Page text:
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Anytime Chucky is onscreen, we must ponder not if people are going to die, but how many. With the first season of SYFY & USA’s Chucky wrapped after eight horrific, hilarious episodes, it feels appropriate to look back on the lives that were — and rank their endings.
The first question we must ponder when reminiscing on the many, many deaths in Chucky Season 1 is this: What entails a Chucky kill? Does it have to be the doll doing the deed? Can the doll be used as a weapon? Does Nica, while possessed by Chucky, count as a perpetrator of said kills? We’re trying not to get too existential here, so we’re just gonna follow in our pal Chucky’s little footsteps and be blunt: We’re looking at the ones that matter here.
The second question is this: What metric do we rank these kills by? General brutality seems to be the way to go — both in the way they were executed and how they shifted the plot. One death may have been bloodier than another, but what really makes a kill brutal is how much it changes the course of our young heroes’ lives in this series. The Child’s Play franchise started when creator Don Mancini made a film about how the world (and advertising) around children was hurting them, so the environment and consequences are just as important to Chucky as the deed itself.
With all that in mind, let’s take a stroll down this blood-soaked memory road and count down Chucky’s 10 most vicious, brutal kills of the season.
10. "Young Man,” Episode 5, “Little Little Lies”
No disrespect to the “Young Man” (Eric Tzogas) Tiffany (Jennifer Tilly) and a Chucky-possessed Nica (Fiona Dourif) have tied to a chair and ball-gagged in their first big scene in Chucky, but his death is nonessential compared to most others in the series. Yes, getting your throat slit doesn’t exactly seem to be a pleasant experience, but as far as the impact this guy’s death has on the series… kinda negligible, wouldn’t you say?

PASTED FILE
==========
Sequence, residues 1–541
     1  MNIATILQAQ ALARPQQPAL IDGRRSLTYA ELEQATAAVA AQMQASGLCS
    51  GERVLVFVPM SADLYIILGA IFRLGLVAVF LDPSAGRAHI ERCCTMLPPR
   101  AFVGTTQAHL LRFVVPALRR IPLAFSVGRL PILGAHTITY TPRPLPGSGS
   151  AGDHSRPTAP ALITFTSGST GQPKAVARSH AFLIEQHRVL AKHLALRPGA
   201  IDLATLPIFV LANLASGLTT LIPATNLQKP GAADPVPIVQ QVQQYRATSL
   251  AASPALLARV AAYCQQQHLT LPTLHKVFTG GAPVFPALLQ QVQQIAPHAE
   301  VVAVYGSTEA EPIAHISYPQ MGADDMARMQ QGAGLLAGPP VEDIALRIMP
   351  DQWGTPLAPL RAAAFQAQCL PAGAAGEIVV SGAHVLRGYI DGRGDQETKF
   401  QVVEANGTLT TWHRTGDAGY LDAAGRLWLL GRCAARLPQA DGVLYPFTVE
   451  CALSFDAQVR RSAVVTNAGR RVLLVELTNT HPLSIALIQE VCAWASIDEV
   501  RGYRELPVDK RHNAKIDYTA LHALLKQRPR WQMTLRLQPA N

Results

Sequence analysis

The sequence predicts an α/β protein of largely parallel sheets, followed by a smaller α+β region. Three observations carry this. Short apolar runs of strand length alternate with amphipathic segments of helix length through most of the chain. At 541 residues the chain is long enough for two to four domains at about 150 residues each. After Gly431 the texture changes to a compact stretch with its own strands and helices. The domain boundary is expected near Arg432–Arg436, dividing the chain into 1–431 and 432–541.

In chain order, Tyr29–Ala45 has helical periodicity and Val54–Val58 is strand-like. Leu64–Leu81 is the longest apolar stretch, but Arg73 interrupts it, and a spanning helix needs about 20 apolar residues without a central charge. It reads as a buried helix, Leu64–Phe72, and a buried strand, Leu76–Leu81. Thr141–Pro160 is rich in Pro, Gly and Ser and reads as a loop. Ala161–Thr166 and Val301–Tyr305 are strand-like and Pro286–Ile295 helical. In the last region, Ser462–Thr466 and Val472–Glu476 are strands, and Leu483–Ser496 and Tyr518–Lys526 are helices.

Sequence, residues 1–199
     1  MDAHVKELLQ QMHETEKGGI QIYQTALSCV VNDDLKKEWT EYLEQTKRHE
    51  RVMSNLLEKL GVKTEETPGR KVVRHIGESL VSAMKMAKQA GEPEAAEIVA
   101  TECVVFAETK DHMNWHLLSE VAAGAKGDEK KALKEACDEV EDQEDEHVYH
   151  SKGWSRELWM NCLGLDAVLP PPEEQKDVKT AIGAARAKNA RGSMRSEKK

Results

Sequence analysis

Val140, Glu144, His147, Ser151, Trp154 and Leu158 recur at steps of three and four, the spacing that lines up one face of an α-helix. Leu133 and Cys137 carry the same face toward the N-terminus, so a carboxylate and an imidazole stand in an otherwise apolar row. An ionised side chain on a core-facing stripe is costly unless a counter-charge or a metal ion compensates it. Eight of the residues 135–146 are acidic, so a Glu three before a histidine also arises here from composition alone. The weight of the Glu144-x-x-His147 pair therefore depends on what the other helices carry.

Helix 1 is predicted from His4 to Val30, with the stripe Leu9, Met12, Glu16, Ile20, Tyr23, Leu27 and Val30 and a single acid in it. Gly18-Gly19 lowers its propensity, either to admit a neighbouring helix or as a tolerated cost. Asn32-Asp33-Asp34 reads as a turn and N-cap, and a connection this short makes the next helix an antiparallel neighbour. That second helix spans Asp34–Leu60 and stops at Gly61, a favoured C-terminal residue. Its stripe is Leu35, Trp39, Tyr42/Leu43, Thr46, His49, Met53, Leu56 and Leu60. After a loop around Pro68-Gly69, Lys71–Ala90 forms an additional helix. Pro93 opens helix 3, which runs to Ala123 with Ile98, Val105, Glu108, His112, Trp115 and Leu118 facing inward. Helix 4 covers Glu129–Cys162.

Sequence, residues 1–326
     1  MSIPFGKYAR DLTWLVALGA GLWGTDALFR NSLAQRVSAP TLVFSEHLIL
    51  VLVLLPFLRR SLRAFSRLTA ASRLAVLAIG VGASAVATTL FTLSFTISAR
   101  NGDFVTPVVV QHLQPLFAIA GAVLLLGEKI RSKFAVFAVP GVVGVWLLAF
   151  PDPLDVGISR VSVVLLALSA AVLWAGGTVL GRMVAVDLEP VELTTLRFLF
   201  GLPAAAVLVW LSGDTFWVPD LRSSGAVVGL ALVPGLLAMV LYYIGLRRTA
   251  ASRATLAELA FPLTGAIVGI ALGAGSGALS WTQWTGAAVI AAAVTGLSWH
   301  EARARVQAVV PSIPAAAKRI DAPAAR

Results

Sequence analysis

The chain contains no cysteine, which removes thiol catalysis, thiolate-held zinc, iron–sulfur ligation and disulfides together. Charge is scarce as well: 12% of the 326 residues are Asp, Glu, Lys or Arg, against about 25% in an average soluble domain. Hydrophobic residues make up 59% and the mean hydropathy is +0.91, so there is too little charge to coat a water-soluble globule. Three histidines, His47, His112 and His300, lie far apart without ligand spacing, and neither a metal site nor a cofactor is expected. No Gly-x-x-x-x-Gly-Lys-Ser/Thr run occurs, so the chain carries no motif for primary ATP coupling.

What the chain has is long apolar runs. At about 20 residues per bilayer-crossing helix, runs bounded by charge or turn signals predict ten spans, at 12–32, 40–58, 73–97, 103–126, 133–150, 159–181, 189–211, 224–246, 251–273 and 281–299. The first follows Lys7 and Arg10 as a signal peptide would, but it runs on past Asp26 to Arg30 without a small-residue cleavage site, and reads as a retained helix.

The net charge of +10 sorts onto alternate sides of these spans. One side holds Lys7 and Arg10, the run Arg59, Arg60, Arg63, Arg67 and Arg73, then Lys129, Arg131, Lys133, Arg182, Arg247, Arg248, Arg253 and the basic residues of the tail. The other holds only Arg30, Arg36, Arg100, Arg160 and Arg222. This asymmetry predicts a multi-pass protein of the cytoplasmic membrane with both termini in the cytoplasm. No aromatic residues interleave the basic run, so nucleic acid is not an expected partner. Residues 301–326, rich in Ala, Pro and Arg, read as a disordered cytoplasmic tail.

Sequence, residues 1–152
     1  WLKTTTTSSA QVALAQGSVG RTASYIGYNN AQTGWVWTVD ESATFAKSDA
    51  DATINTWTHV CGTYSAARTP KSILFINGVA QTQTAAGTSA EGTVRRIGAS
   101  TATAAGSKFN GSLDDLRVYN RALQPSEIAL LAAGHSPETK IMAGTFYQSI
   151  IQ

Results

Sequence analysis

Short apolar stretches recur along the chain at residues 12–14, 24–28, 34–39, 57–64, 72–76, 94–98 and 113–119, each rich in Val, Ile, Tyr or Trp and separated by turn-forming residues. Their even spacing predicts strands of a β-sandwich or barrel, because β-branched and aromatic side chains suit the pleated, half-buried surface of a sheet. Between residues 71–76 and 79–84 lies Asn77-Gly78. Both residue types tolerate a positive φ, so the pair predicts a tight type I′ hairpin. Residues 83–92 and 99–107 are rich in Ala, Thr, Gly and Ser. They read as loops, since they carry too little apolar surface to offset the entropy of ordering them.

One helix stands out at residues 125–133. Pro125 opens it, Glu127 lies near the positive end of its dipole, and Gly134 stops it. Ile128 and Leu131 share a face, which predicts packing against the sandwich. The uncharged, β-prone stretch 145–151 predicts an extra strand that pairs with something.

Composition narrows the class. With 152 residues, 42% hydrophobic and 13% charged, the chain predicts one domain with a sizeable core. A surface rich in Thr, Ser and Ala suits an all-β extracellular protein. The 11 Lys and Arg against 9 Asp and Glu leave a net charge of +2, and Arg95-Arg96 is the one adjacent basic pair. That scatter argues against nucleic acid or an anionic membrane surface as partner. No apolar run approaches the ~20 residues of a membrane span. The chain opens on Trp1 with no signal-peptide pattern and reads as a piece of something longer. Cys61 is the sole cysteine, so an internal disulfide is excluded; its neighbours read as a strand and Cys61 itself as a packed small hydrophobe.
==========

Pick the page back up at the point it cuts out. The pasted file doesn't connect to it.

9. Oliver Hayden, Episode 3, “I Like to Be Hugged”
Oliver's (Avery Esteves) death by Chucky's stabby little hand in Episode 3, "I Like to Be Hugged," was an unnecessary tragedy. He wasn't perfect by any means, but he was a teen boy who didn't exactly deserve to die.
Chucky was just bored.
This death ranks so low on the list, however, because it's pretty par for the course in Chucky's book, and doesn’t personally affect our heroes too much outside of furthering their entanglement with Chucky. Not that it makes this death any less horrifying.
8. Detective Peyton, Episode 4, “Just Let Go”
In Episode 4, "Just Let Go," we get our fifth kill of the season. Detective Peyton (Travis Milne) has been sniffing around Jake as a suspect in the recent slew of murders ever since Luke Wheeler died, which hasn't exactly made him a fan favorite. But that doesn't mean he deserved to be stabbed with so many syringes that he resembles a modern art interpretation of a porcupine by the time they find his body.
This death has some seriously bloody results and, let's be honest, it pins more suspicion on poor Jake. With Chucky leaving the body in little Caroline's hospital room, and Jake being so close to said body, it was only a matter of time before Detective Evans started digging deeper.
7. Principal McVey, Episode 5, “Little Little Lies”
Good ol’ Principal McVey certainly wasn’t the main part of school for our young heroes, but they’ll remember her death forever. To strike further fear into his victims, Chucky beheads the principal and, to the tune of Yeah Yeah Yeahs’ “Heads Will Roll,” lets her head, well, roll out onto the stage and pulls the curtain back to reveal her body sitting there all regal like.
Points for creativity and that close-up (literal) head shot.
6. Annie the Housekeeper, Episode 2, “Give Me Something Good to Eat”
The Wheeler family's long-time housekeeper Annie (Erica Wood) definitely did not see her death coming until it was too late. When Chucky's looking to cause a little chaos in his new home, he takes some pent-up rage out on the housekeeper by pushing her into a dishwasher full of knives.
We will be the first to admit that pointing knives blade side-up in a dishwasher is, um, maybe not advisable? But that's not the point here.
It's not so much her brutal, totally avoidable death that ranks it so high on this list: It's the Wheeler family's reaction after. They reveal themselves to authorities to be far less caring for Annie than they thought themselves to be, once again showing how distant they are from reality. They didn't deserve Annie.
5. Luke Wheeler, Episode 1, “Death by Misadventure”
We’ll be honest: Luke’s death held the top spot in our ranking for a while. Jake's dad Luke Wheeler (Devon Sawa) is Chucky's first (human) victim, and his death is a doozy. Not only is it exceptionally violent — Chucky uses the man's own whiskey as a conductor to fry him while he's messing with the circuit breaker — but it kicks off Jake's spiral. Just before he died, Luke and Jake got into a gangbusters fight, with Luke proving once again how emotionally and physically abusive he is to his son, and how broken their relationship is. After his death, Jake moves in with his aunt, uncle, and cousin, and everything unravels from there.